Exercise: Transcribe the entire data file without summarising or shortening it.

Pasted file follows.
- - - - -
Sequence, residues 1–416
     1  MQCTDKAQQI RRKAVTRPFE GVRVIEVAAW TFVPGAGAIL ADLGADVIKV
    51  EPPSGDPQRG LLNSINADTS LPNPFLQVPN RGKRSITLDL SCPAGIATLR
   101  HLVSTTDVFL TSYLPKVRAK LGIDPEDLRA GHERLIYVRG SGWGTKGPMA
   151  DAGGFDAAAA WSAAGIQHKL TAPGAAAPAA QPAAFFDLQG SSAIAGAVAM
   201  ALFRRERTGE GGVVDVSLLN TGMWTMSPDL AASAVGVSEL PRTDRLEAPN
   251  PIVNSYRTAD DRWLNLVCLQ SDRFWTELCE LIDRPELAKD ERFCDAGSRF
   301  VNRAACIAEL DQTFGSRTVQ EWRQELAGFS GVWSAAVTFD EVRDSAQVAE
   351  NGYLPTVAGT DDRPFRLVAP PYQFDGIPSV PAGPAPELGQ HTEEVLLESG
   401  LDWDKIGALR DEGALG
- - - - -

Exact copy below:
Sequence, residues 1–416
     1  MQCTDKAQQI RRKAVTRPFE GVRVIEVAAW TFVPGAGAIL ADLGADVIKV
    51  EPPSGDPQRG LLNSINADTS LPNPFLQVPN RGKRSITLDL SCPAGIATLR
   101  HLVSTTDVFL TSYLPKVRAK LGIDPEDLRA GHERLIYVRG SGWGTKGPMA
   151  DAGGFDAAAA WSAAGIQHKL TAPGAAAPAA QPAAFFDLQG SSAIAGAVAM
   201  ALFRRERTGE GGVVDVSLLN TGMWTMSPDL AASAVGVSEL PRTDRLEAPN
   251  PIVNSYRTAD DRWLNLVCLQ SDRFWTELCE LIDRPELAKD ERFCDAGSRF
   301  VNRAACIAEL DQTFGSRTVQ EWRQELAGFS GVWSAAVTFD EVRDSAQVAE
   351  NGYLPTVAGT DDRPFRLVAP PYQFDGIPSV PAGPAPELGQ HTEEVLLESG
   401  LDWDKIGALR DEGALG